Absentee: Properties where the owner does not live there.
Apartments: Buildings with 5+ units.
Attached: Properties that are attached, or connected, to other properties, such as Townhomes and Rowhomes.
ARM: Properties where the owner has an adjustable rate mortgage.
Bad Credit: Properties that are owner occupied by people with bad credit.
Bank: Properties that are owned by banks or other financial institutions.
Bankruptcy: Properties where the owners have recently filed for bankruptcy.
Bored Investor: Absentee properties that have been owned for a long period of time.
Business: Properties owned by a business, such as a corporation or LLC.
Cash Buyers: Properties that have likely been bought with cash.
Condo: Apartments or houses that are individually owned within a building or complex.
Detached: Residential properties that are detached from other properties, commonly known as Single Family Home.
Elderly: Properties whose owners are 50+ years old.
Empty Nester: Properties where the owners children have moved out.
Foreclosure: Properties that have gone through the foreclosure process and have been foreclosed on.
Free & Clear: Properties that are owned without any mortgage.
Good Credit: Properties that are owner occupied by people with good credit.
Government: Properties that are owned by federal or local governments.
High Equity: Properties that have 40% or more equity.
Individual: Properties owned by individual where the title is in a persons name.
Land: Lots of land where no buildings or construction exists.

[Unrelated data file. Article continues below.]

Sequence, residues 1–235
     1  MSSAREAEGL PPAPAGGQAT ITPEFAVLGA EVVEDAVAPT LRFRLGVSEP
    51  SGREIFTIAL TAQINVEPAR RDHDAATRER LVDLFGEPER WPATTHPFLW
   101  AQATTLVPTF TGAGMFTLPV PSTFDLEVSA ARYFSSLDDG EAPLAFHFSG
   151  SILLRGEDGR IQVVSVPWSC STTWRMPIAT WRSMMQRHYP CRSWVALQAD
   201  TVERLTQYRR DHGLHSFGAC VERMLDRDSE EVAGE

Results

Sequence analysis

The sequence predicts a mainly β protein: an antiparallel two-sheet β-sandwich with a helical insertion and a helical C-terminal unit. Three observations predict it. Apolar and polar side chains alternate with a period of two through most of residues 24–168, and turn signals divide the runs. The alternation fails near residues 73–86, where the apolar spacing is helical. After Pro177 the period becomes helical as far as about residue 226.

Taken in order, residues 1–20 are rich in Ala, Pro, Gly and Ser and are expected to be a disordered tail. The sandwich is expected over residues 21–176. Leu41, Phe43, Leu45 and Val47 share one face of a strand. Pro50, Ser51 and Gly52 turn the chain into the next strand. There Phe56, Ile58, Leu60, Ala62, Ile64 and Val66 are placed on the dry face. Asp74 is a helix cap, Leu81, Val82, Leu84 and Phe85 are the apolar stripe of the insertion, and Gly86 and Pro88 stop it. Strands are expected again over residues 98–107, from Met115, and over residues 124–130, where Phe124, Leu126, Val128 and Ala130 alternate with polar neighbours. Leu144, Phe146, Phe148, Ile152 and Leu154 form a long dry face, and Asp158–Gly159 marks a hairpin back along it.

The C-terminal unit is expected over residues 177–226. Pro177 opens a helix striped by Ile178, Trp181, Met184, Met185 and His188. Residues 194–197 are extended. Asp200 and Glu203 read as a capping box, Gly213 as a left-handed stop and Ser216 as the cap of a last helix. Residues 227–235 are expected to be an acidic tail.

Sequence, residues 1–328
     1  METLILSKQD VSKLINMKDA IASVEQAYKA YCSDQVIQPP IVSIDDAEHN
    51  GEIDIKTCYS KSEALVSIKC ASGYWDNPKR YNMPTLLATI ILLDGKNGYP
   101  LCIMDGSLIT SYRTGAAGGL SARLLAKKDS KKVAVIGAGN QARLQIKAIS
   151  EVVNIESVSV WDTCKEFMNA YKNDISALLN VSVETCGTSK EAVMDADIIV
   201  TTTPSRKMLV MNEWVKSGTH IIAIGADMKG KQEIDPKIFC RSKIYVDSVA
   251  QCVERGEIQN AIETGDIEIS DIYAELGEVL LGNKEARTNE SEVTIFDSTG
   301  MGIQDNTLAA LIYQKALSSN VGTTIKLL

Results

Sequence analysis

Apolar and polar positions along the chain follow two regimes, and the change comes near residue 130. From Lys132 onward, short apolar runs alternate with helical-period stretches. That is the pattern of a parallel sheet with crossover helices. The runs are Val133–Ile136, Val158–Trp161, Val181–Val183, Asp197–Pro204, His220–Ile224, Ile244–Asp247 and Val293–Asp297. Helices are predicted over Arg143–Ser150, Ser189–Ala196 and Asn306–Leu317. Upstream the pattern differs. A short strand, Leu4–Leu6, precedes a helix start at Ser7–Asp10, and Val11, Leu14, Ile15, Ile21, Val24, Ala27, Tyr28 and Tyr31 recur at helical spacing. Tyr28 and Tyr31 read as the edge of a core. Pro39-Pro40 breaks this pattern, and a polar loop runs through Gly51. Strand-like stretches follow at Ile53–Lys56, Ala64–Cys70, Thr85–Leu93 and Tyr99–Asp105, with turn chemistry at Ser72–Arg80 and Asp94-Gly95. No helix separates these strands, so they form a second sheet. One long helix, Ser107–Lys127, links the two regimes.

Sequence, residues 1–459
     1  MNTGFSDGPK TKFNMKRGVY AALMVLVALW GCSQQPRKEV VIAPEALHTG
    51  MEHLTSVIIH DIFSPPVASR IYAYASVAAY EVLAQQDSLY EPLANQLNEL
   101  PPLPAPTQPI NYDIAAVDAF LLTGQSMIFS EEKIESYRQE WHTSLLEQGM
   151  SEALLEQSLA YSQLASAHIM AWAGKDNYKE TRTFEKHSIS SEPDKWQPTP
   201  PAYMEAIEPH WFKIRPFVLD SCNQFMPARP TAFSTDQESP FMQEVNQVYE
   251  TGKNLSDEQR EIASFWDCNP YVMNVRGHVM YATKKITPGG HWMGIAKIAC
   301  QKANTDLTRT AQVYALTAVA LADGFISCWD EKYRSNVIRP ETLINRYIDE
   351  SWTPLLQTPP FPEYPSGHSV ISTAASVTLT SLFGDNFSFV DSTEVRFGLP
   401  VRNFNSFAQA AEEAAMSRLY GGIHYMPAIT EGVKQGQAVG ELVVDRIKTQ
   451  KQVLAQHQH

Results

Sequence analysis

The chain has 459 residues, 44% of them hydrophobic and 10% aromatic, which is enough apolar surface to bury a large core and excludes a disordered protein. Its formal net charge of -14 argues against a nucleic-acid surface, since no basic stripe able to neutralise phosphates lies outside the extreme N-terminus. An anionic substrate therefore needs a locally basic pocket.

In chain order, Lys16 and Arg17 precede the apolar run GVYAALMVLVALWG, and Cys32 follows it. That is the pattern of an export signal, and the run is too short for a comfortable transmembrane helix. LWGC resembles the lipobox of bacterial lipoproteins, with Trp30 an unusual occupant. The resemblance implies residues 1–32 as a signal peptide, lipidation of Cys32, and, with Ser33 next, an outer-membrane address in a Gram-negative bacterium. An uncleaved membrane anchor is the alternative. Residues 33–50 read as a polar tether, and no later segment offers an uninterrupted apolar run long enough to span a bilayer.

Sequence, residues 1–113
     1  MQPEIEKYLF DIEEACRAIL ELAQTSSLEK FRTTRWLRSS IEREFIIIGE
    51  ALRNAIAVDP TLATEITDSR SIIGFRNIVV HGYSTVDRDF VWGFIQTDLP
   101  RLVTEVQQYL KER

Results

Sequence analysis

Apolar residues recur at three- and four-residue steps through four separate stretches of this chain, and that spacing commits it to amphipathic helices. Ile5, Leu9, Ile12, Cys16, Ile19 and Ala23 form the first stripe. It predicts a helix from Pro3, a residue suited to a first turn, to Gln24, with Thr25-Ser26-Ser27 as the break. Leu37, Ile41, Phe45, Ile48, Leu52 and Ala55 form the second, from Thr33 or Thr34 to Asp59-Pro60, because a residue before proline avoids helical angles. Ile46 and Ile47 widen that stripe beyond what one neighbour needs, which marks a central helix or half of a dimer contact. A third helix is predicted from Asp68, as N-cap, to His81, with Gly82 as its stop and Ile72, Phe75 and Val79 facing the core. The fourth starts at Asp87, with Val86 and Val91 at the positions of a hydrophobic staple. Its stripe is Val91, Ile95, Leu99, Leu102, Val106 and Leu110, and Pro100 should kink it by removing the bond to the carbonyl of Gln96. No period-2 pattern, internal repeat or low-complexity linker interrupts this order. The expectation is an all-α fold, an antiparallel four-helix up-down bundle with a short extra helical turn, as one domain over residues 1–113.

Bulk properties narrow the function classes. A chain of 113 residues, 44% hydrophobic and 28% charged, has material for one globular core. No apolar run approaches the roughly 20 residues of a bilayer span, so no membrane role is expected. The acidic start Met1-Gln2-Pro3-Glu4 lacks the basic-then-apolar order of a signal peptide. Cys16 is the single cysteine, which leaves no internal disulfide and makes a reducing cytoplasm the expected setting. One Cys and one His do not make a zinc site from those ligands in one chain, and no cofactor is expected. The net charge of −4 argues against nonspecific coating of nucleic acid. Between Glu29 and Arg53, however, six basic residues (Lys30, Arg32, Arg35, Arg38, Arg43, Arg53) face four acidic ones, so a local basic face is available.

Long Term Owner: Properties where the owners have lived there for 30+ years.
Low Equity: Properties with 20% or less equity.
Multi-Family: A property with 2-4 units inside, such as a duplex, triplex, or quadplex
Mobile Homes: Prefabricated one-story property that can be transported
New Landlord: New unprofessional investors that have property under their individual name and have owned for 2 years or less.
Potentially Inherited: Properties that have characteristics of being potentially inherited either from parents-to-children or from spouse-to-spouse.
Pre-Foreclosure: Properties that are going through the foreclosure process, but have not yet completed the process. Check your state and county laws for rules about marketing to these leads.
Private Lenders: People who have been identified as having significant capital holdings which can be used as a funding source for your deals.
Renters: People between the ages of 21-45 with a household income of $100k+ who are currently renting an apartment or house.
Trusts: Properties that are held in a Trust.
Unknown Equity: Properties that have an unknown amount of equity. These are often overlooked by other investors.
Unknown Property: Properties that have no classification. These properties could be residential, commercial, land, etc., but they are very rarely being marketed to.
Upside Down: Properties that have a mortgage balance that is more than what the property is worth.
Vacant: Properties where no one is currently living at the premises.
Zombie: Properties that are both vacant and in pre-foreclosure.
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